Will they buy it?
Alistair Hicks reviews the progress of an imaginative scheme to encourage young artists Today almost any young artist who is competent and industrious could hope to gain a significant proportion of income from private patronage,' wrote Giles Auty in these pages on 11 June. This, I feel, is sadly premature: the much heralded rebirth of British patronage is still very much in its infancy. Prospects for painters and sculptors have improved marginally since Mr Auty himself was a young artist, but they are still bleak.
There are some 24,000 students enrolled in art and design courses at colleges and polytechnics (20 per cent more than in 1983), yet the number of artists making a living solely from selling works of art is in the low hundreds. Most of these artists' work is bought by foreigners. Major galleries do report a slight increase in sales to British buyers, but none claims to be selling much more than 30 per cent to home-grown collectors and this at a time when British painting and sculpture are at a peak. The small increase in collecting could be attributed to the influence of one Briton, Charles Saatchi.
Doris and Charles Saatchi's collection has been attacked most vociferously by the very same conservative critics who advocate private funding of the arts, but the Saatchis have undoubedly put together the most important private collection of contemporary art in the world today. At their gallery off Abbey Road and through loans they have supplied a more comprehensive view of contemporary art than our entire public gallery system. In the last five years they must also have accounted for a considerable proportion of the 30 per cent sold to British buyers. They were instrumental in the foundation of the Patrons of New Art, which has encouraged a certain enthusiasm for new art. However, collecting is not the prerogative of the super-rich.
There have been signs of increased interest away from the high-profile names. John McKenzie, the director of the newly formed London Institute which is the amalgamation of eight previous art and design schools, notes that there is a new professionalism in students. They are much more prepared to market themselves than
ten years ago. With the Business Sponsorship scheme and an increasing awareness of the arts, businesses are a very good market. Many of the potential private buyers are naturally in the business world. Once a chairman or managing director has bought for his firm he is far more likely to buy for himself. One Spectator reader has taken an important initiative in this direction.
Jack Goldhill, already a patron of several Royal Academy scholarships, read an article about the plight of young artists in The Spectator four years ago. He was horrified at the stories of young artists a few years out of college being forced to give up their art and become plumbers, train drivers, house painters, shop fitters and market gardeners. There is much talk of a proliferation of galleries, but there is little hope of a young artist finding a serious gallery to take him on in the first ten years out of art school. There may be some 300 galleries in the Greater London area, but only a handful of them supply a steady diet of serious work, the type of work that your grandchildren will actually thank you for buying. Goldhill saw the problem as one of putting the work of serious young artists in front of friends and fellow businessmen. In conjunction with the Royal Academy he launched the Young Artists Support Scheme in 1987. He persuaded six firms to buy two paintings from six graduates at the Academy. The sponsors receive one picture on the student's graduation and buy the second a year later. The total cost to them is £1,000.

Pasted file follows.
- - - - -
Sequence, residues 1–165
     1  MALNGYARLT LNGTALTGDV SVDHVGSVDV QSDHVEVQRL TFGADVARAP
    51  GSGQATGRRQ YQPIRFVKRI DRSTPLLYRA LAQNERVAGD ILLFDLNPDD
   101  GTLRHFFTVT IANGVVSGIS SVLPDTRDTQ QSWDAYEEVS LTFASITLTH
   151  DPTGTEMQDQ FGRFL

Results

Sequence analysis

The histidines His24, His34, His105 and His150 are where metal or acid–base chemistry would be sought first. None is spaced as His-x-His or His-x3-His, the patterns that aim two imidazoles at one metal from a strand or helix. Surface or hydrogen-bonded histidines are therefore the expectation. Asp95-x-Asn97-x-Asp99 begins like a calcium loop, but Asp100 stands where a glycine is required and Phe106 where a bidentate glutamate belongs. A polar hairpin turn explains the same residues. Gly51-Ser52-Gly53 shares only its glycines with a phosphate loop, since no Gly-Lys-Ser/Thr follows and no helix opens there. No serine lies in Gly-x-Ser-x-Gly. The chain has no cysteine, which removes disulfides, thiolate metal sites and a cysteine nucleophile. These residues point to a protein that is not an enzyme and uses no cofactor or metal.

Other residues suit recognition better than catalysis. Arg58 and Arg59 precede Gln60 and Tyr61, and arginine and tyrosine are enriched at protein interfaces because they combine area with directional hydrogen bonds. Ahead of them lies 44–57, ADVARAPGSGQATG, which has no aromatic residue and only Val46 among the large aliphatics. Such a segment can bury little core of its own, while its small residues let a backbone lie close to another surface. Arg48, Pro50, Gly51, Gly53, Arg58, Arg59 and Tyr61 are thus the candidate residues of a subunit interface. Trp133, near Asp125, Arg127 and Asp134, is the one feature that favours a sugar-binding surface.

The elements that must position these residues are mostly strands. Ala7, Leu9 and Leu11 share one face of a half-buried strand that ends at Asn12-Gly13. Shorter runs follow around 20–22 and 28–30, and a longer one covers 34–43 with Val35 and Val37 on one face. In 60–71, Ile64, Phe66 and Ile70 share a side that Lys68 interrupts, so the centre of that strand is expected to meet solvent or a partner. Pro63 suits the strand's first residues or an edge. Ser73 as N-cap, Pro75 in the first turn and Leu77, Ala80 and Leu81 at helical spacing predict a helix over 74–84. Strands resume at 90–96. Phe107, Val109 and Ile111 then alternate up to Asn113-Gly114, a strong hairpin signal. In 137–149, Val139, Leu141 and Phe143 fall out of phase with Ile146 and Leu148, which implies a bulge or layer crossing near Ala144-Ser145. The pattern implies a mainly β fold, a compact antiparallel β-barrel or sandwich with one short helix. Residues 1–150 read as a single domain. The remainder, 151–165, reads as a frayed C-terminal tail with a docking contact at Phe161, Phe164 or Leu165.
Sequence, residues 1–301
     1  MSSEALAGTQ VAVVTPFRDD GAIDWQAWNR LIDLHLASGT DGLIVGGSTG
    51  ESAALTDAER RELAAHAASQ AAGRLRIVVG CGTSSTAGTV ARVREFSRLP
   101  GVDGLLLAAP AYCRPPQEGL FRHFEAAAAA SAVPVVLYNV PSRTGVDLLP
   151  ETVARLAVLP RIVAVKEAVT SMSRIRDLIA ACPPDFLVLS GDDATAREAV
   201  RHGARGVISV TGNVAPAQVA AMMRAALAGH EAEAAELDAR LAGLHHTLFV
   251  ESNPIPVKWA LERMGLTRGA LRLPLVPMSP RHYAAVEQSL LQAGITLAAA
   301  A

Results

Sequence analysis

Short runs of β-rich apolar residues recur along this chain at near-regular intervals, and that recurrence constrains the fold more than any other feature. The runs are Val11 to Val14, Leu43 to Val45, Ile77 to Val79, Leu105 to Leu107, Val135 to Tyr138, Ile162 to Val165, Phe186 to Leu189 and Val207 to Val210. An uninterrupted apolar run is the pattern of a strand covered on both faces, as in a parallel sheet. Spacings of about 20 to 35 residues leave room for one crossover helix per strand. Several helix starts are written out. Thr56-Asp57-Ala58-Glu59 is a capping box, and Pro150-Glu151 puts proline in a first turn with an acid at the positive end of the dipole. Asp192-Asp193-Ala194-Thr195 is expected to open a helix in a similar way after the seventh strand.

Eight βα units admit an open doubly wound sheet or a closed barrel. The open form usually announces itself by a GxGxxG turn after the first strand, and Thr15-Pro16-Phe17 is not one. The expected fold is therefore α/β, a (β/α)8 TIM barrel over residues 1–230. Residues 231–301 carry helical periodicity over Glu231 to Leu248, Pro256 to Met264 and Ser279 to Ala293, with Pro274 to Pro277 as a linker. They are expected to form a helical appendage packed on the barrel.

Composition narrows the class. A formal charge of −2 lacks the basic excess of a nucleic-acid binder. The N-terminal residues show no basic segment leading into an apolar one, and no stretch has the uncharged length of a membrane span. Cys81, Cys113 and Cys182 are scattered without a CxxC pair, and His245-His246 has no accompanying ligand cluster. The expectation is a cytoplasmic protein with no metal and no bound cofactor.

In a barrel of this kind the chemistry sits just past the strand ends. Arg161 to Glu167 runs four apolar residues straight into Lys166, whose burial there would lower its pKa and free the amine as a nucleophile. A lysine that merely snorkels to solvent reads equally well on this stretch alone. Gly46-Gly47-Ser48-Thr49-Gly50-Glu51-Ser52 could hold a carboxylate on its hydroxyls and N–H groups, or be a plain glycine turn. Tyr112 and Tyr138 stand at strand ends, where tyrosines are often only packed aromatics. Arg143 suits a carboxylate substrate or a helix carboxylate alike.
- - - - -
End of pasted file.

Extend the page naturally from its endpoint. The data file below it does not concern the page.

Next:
The consulting engineers, Ove Arup, had their first picture by Simon Wells chosen for them by Roger de Grey, the president of the Royal Academy. It has been hanging in their offices for a year and along with others Jack Zunz, their senior partner, has just visited the artist's studio to select their second work. 'We are absolutely delighted to support someone who takes their art so seriously,' says Mr Zunz. 'We support dozens of engineers through college, but here we are actually getting something for it — paintings.'
At the Royal College, Antonio Argenio, a powerful and promising painter, has benefited from a similar new award, the Slotovo travelling scholarship. He has been given £2,500 to travel for the year and, just as importantly, a show at the College on his return.
Britain's art schools, ironically the envy of the world, are beginning to realise they are operating in a void. Their pupils often arrive with virtually no effective art education since nursery school. It is costing the taxpayer some £4,000 per student per year, yet 12 years' teaching has to be crammed into three or four, and then only for the young budding artists to be abandoned again. They find themselves back out in a society that has been educated to believe that art is a peripheral activity. The dedication of most artists is legendary, but they do need to eat with their meals. The beneficiaries of the Young Artists Support Scheme have all said that the money has made a big difference to them: the second £500 has just about wiped off their overdrafts.
With some 2,500 young painters and sculptors leaving college every year and only a handful finding serious outlets, their future is not healthy. A thousand pounds for two large paintings does not seem excessive. It will certainly be a significant proportion of the young artist's income. Piers Rogers, the Secretary of the Royal Academy, would be delighted to hear from anyone interested in contributing to the Young Artists Support Scheme.